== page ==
MCWALTER: What is your view of the Canadian tech scene?
JUNG: One of the things that I think is kind of nice about starting companies in Canada, is that in Canada, in particular, is that I think the values are very similar to the US when it comes to entrepreneurs and business. And number two, I believe, for a while Waterloo graduated more software engineers that Microsoft hired than any other school in the world, so the talent is there, right? The economy is super stable, startups usually are created or sometimes created in places where you feel free, you don’t have to worry about this and that you can kind of focus on, how this cloud computing platform is going to disrupt, medical services or whatever you’re thinking about. And then the final thing is, I think it’s got enough critical mass of stuff going on in multiple sectors, because one of the things that startups really benefit from is stakeholders that are along for the ride in some way.
MCWALTER: You’ve seen kind of clean tech applied in a lot of different countries, which country is most on track to overachieve in terms of their decarbonization?
JUNG: They tend to be some of the biggest economies in the world, one is India, and one is China. China’s pretty simple. for all the good and the bad of any country in the world, when they decide to put their mind to something they do it and they do it for a really long time. And they do it with basically half the supply chain of the world. So when you look at the statistics on solar deployment, or when deployment or storage or manufacturing capacity, you can kind of take that number, cut it in half, and basically argue that half of that is China. That’s how massive it moves needles, right? Many, many different needles. So, and I think people who are operating in the renewable industry have to be thankful for that, regardless of how they feel about different governments.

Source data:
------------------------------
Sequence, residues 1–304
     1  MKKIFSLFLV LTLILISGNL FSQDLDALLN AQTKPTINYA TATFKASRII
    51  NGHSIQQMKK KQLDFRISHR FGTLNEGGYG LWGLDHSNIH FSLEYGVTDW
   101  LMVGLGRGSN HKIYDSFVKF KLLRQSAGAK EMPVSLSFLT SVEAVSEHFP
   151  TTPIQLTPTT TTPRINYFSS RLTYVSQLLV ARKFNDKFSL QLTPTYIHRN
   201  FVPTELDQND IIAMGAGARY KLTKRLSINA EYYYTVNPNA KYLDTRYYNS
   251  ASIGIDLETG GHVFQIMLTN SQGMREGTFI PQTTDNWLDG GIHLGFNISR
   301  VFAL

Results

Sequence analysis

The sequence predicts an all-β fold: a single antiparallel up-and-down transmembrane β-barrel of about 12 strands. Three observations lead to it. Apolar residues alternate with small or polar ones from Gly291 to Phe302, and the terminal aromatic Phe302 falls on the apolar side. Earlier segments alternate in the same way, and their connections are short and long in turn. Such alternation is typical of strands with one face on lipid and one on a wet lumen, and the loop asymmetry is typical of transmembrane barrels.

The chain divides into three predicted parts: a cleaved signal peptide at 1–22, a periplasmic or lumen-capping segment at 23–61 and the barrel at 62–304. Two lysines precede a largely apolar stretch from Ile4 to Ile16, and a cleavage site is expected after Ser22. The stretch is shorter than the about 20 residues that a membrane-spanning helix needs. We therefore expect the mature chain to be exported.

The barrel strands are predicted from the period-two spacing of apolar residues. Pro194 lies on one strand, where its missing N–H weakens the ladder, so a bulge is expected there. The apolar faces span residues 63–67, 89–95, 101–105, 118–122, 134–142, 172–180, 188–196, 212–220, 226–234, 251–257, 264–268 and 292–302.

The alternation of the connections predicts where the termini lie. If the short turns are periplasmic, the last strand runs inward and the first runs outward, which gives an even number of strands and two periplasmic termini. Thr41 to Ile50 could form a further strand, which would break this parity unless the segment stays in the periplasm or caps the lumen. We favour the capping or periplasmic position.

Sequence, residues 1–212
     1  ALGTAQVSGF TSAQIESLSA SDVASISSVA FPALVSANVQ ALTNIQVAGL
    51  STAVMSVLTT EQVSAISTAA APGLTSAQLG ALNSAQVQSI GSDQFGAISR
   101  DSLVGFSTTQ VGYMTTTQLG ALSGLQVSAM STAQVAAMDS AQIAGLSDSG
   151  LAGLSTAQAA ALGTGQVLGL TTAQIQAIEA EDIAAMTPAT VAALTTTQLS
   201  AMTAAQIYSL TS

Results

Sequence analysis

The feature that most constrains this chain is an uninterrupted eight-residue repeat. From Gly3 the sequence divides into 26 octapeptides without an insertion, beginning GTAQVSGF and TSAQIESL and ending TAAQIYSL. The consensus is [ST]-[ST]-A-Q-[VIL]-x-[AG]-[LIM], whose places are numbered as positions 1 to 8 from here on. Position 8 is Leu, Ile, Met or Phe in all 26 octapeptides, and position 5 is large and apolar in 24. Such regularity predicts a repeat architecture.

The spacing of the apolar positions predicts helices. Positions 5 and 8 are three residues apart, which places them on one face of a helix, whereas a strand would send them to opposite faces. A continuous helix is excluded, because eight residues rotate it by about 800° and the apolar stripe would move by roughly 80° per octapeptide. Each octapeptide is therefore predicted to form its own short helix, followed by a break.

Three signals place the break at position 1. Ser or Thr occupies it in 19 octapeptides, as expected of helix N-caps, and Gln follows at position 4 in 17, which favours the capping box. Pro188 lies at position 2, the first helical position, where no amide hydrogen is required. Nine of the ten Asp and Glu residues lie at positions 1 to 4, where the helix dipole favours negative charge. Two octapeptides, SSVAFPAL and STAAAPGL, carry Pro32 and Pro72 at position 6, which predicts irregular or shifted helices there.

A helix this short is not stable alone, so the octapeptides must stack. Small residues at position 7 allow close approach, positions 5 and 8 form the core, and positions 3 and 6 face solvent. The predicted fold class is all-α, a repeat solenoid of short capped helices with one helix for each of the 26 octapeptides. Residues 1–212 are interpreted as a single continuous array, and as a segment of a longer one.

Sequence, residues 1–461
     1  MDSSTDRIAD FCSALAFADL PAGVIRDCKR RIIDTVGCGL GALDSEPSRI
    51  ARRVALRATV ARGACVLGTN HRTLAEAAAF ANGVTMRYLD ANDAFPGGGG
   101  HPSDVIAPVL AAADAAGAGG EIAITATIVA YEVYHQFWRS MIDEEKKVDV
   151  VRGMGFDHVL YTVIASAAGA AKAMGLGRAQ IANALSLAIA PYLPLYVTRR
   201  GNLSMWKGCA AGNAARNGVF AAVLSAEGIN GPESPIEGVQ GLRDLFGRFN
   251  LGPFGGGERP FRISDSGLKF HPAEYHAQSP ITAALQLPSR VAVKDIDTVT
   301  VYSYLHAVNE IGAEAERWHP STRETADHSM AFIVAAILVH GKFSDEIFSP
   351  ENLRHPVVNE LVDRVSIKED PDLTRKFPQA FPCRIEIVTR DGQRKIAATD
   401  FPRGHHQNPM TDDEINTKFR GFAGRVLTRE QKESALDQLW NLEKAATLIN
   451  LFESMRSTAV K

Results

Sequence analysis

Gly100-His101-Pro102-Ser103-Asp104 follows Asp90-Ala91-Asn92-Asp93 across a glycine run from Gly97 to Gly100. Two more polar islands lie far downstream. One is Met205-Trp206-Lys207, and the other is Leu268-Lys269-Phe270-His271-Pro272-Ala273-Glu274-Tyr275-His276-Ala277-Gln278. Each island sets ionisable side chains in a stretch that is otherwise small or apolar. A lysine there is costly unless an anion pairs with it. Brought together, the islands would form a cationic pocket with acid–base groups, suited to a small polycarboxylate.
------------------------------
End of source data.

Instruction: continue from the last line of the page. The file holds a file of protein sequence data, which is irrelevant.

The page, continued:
The other one is India.There are some very aggressive business people, developers that are operating in that country and unlike Western Europe and the United States, they are bringing clean energy to some of the poorest people in the world, and I just love that. If you take a look at the electricity prices that a poor farmer pays for, in Southeast Asia, they are as high if not higher than Western European, and the United States and North America. And part of the reason is inefficiency, and all these things that I think are a great opportunity to improve on. But ultimately the eye on the prize there is bringing clean, affordable electricity to people.
MCWALTER: Is there anything I should have asked you about but did not?
JUNG:The only thing that I would like to add about the energy industry is that sometimes it kind of feels impenetrable.That’s why entrepreneurs like to do B2C type startups where they are working on a thermostat or something that they can relate to like an electric bicycle. I would not shy away from getting into stuff that you don’t know. And seeing if there’s an opportunity to apply the things that you do know, to those and energy is a very good example. When I was hired, I was a hired gun type CEO, brought in by the VCs. I’m not an engineer, but you don’t have to be an engineer to have ideas. So I wouldn’t let the confusion, the noise, the complexity associated with the energy industry and how it’s run and managed, prevent you from finding out more. And we also live in a golden age of not only computers but information and data. So anything you want to know you can basically look up and you can educate yourself, It is really a renaissance for learning as well. So the only thing I would encourage listeners to do is do something very, very different. I kind of wonder if some of the ideas that I had and some of my colleagues who also did not come from the power industry had, were because we were willing to ask stupid questions in an industry where you don’t want to sound stupid, right? So don’t be afraid to sound stupid.